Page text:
The election of Conservative candidate Scott Armstrong in Monday's federal byelection for Cumberland-Colchester-Musquodoboit Valley showed that, despite what has gone on in recent years, this part of the country remains a Tory stronghold.
As there were no divisive issues in the fairly dull campaign, there is no other explanation for Armstrong's decisive win other than voters were impressed with his qualities, and content to return to the familiar Conservative fold.
But the win was also an important victory for Prime Minister Stephen Harper, who appears to have been forgiven for his treatment of beloved former MP Bill Casey two years ago. Although Casey's fight for fairness on the Atlantic Accord was never really finished before he took on his new job with the provincial government, and details of the new agreement have never been completely explained public. Despite that, a recent poll on the Amherst Daily News website showed 45 per cent of voters prefer Harper as their prime minister, so his past sins seem to have been forgotten.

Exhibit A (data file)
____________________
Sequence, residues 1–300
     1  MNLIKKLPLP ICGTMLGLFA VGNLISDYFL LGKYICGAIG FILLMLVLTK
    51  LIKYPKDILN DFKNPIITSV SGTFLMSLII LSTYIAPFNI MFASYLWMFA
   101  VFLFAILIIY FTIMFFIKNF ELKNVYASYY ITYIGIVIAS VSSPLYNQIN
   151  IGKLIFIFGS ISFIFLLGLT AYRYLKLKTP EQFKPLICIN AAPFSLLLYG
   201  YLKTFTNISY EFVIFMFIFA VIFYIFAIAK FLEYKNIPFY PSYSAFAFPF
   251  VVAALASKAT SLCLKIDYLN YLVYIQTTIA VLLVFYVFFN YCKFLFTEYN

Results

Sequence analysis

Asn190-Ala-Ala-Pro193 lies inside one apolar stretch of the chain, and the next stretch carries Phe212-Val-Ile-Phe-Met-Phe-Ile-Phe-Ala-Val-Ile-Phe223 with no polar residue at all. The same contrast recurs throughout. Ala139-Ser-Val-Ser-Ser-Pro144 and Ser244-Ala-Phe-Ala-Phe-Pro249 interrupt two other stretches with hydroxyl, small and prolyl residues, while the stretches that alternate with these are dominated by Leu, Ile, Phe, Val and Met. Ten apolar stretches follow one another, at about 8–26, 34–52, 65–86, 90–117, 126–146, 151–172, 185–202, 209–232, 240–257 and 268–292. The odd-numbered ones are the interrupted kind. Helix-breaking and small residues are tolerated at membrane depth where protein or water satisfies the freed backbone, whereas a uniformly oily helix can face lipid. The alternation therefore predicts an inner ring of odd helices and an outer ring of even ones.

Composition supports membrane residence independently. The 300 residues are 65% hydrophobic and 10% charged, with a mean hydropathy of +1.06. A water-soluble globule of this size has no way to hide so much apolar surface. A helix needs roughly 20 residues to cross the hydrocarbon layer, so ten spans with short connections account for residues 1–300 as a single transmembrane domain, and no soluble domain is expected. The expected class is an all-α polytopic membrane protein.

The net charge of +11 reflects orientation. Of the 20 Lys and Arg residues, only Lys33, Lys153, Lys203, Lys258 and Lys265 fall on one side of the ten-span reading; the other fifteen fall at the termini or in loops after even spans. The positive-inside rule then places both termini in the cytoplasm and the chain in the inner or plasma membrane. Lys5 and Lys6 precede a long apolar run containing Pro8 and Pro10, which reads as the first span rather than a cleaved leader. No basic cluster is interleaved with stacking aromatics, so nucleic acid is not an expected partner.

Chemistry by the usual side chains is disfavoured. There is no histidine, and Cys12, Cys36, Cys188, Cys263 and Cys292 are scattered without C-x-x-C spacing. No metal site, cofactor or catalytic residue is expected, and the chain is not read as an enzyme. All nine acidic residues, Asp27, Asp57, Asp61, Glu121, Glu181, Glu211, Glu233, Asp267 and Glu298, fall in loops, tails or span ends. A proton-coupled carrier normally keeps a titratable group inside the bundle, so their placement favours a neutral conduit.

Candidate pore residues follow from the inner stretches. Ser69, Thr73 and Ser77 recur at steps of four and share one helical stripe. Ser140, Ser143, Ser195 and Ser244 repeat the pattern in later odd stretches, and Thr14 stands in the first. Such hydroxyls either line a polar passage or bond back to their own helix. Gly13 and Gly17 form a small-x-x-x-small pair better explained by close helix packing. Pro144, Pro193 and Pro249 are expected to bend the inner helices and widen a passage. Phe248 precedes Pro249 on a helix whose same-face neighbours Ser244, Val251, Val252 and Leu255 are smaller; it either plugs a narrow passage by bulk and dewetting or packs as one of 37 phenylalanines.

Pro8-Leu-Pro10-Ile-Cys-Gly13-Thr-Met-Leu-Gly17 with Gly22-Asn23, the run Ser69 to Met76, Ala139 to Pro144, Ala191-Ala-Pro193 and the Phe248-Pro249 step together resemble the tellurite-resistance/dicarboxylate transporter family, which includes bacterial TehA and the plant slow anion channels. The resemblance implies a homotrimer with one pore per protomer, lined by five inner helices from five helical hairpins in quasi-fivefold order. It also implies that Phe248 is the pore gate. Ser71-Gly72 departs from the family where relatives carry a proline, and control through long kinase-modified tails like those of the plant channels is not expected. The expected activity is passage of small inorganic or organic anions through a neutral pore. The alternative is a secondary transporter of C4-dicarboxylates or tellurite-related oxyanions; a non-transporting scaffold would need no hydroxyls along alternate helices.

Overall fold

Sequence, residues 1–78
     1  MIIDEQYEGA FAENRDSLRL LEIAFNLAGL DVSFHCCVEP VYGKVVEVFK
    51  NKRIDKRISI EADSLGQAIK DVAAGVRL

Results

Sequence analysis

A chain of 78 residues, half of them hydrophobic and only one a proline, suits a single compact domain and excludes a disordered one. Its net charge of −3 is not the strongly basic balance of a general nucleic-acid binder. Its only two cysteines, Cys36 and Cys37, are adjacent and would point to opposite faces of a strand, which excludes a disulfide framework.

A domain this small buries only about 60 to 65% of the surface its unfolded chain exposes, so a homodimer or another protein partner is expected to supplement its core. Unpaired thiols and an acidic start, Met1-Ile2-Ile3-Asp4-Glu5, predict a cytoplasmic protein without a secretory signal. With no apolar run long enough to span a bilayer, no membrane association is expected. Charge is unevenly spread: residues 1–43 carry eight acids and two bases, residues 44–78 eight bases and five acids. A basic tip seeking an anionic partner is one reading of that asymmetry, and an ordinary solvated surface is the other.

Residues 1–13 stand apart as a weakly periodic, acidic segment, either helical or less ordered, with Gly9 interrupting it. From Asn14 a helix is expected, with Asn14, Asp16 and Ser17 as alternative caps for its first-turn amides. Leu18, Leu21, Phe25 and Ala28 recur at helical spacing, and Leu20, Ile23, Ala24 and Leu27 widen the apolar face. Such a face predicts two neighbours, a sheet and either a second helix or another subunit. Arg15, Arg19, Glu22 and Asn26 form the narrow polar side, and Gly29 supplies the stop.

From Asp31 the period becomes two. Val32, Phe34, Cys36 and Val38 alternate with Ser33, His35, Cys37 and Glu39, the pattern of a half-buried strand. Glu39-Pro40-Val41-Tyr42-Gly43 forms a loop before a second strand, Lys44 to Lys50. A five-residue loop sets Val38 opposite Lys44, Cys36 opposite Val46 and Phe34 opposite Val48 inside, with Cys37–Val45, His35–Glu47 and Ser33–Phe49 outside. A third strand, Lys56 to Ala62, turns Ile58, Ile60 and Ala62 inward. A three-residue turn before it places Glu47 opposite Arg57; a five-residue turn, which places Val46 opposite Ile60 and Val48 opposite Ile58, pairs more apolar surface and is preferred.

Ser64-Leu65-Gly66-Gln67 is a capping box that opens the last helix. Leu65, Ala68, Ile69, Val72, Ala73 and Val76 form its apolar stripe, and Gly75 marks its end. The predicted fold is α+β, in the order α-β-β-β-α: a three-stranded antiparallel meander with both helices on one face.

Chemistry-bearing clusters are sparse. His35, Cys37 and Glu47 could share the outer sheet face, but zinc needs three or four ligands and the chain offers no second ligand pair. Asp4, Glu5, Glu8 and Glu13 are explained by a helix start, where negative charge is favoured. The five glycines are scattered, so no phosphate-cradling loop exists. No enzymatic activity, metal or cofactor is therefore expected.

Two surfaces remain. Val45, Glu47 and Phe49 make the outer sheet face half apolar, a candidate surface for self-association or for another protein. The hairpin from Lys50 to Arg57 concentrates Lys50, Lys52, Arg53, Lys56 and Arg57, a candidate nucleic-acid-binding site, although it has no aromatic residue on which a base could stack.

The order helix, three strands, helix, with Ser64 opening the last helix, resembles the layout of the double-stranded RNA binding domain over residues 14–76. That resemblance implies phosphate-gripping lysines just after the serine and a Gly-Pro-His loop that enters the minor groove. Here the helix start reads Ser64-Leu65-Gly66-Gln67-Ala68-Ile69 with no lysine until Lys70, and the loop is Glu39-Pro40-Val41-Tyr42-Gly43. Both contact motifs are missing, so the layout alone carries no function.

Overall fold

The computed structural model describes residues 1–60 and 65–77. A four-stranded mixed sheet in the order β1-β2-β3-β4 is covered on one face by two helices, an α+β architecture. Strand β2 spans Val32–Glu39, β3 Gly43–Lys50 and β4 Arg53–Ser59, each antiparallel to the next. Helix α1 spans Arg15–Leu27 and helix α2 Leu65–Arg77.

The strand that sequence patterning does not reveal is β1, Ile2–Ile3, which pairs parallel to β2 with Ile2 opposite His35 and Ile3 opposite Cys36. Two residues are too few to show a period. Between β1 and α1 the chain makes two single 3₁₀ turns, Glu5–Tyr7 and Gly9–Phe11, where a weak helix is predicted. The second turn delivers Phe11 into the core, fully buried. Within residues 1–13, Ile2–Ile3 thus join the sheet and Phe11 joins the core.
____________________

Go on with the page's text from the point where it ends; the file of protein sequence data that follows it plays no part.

The question now is how much Harper is willing to forget about Armstrong, who he suspended along with the rest of the local riding association executive after they insisted on Casey as their candidate in 2007. Armstrong then went on to campaign against the Conservatives in supporting Casey's independent candidacy in last year's federal election.
Will Armstrong have any influence with the prime minister after these battles? The fact that he was able to bring federal cabinet ministers like John Baird and Gail Shea, as well as Senator Mike Duffy to the riding during his campaign, shows that the federal leadership was at least interested in helping him get elected.
Is Harper as likely to be as forgiving as local voters were of him?